Football and men’s basketball coaches remain BC’s highest paid employees in FY21 — The Heights

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Head football coach Jeff Hafley and former men’s basketball head coach Jim Christian were Boston College’s highest-paid employees for fiscal year 2021 (FY21), according to the 990 annual tax returns. Hafley earned $2,938,035 and Christian, who was fired in February 2021 after six and a half years in British Columbia, earned $1,428,053.

After Hafley and Christian, the University’s other highest-paid employees were John Zona, Chief Investment Officer and Associate Treasurer of British Columbia; Pat Kraft, athletic director; Andrew Boynton, dean of the Carroll School of Management; Frank Cignetti, assistant football coach; and David Quigley, Provost and Dean of Facilities.

Zona — which manages BC’s endowment — earned $809,661, according to the 990. After Zona, Kraft earned $747,988, Boynton earned $743,582, Cignetti earned $740,821 and Quigley earned $658,665.

BC’s net assets increased by $1,109,987,431 during FY21, reaching a total of $6,311,936,438 at the end of the year. Also at the end of the fiscal year, British Columbia’s endowment increased from approximately $2.6 billion to $3.8 billion.

According to 990, BC paid the campus Jesuit community $4,991,083 for “educational, administrative and institutional services, which includes services rendered by Jesuit officers at the University.” Remuneration for key Jesuit administrative figures, including university president Rev. William P. Leahy, SJ, is included in this amount.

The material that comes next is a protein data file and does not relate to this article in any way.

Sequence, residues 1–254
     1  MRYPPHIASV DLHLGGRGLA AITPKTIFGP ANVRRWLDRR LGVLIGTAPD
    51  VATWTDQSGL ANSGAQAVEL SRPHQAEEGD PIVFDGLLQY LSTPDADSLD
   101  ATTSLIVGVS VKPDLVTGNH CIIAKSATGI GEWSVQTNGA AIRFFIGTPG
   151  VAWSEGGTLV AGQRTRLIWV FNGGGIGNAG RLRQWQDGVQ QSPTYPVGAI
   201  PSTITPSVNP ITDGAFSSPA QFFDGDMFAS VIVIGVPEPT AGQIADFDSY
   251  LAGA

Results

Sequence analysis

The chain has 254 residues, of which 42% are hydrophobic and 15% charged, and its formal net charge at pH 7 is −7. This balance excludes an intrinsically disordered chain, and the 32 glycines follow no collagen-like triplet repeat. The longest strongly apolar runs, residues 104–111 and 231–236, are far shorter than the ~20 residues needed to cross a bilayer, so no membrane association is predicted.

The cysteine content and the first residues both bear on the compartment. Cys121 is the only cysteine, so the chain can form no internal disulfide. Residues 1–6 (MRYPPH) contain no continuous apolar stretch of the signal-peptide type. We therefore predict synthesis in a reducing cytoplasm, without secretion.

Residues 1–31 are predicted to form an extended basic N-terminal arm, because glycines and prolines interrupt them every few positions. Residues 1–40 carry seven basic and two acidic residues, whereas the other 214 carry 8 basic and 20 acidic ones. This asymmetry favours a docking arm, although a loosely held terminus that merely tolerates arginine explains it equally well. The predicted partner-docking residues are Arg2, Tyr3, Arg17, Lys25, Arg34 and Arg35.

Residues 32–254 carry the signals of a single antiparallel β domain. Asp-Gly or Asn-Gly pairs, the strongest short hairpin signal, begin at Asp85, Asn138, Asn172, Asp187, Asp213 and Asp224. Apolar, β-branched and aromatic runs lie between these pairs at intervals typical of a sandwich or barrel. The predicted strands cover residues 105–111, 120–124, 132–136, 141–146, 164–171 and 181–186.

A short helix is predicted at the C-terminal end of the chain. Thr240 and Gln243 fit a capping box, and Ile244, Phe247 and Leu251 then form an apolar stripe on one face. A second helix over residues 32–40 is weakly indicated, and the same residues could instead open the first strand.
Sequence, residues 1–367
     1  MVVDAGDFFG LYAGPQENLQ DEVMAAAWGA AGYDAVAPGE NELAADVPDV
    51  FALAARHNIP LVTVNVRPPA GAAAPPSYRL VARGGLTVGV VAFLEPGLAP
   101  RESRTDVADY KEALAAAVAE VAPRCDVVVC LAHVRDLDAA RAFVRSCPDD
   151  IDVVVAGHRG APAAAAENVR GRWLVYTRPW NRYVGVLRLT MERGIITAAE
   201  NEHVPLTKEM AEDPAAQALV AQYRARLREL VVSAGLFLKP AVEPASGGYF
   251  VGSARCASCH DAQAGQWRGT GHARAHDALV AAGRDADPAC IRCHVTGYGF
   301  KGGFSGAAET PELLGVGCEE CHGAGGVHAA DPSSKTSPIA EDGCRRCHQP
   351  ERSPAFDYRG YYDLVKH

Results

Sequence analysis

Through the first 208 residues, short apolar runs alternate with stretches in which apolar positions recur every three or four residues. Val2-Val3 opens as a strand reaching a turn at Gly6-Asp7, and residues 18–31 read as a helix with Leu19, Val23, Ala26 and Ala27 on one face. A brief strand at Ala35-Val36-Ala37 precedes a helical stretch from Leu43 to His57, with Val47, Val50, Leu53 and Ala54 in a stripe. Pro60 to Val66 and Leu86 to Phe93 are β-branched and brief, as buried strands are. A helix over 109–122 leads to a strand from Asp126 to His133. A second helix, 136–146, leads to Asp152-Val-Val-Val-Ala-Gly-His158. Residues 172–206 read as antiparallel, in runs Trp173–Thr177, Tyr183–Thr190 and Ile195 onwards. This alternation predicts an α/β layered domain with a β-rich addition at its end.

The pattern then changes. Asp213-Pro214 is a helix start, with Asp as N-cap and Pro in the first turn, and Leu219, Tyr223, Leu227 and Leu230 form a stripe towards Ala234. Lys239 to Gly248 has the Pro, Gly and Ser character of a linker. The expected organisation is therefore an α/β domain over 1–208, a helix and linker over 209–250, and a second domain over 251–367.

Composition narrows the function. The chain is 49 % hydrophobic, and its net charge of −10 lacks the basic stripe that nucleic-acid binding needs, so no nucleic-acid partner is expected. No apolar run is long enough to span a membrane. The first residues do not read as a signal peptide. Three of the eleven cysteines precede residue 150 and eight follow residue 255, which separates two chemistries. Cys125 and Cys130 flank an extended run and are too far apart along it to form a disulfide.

According to publicly available lobbying reports, British Columbia paid $230,000 to Cassidy & Associates, a lobbying agency, in 2021. The University paid the agency to “assist management in identifying, developing and presenting institutional initiatives to be considered by congressional committees, federal government regulators, and others.

Specific lobbying issues listed in the reports included HHS Labor and Education funding for fiscal year 2022 tied to program funding at the Department of Education and legislative policy regarding the use of name, image and likeness for college athletes.

Boston College collected $735,575,111 in tuition and fees in FY21 and distributed $242,437,470 in financial aid to 8,946 students. The University also earned $2,466,078,769 from its stocks, $258,862,269 from real estate, $96,567,112 from fixed income securities and $509,172,152 in cash during FY21, according to the 990.

In FY21, the University received $230,696,730 in donations. Over the past five years, the University has received a total of $918,798,603 in grants, donations and contributions. British Columbia also received $322,503 in artwork and $188,460 in books and publications.

The University donated $75,000 to the Allston/Brighton-Boston College Community Fund, $25,000 to the Boston Charitable Trust Fund, $15,000 to the Franciscan Missionary Sisters for Africa, and $100,000 to the Jesuit Conference of Canada and the United States in fiscal year 21.

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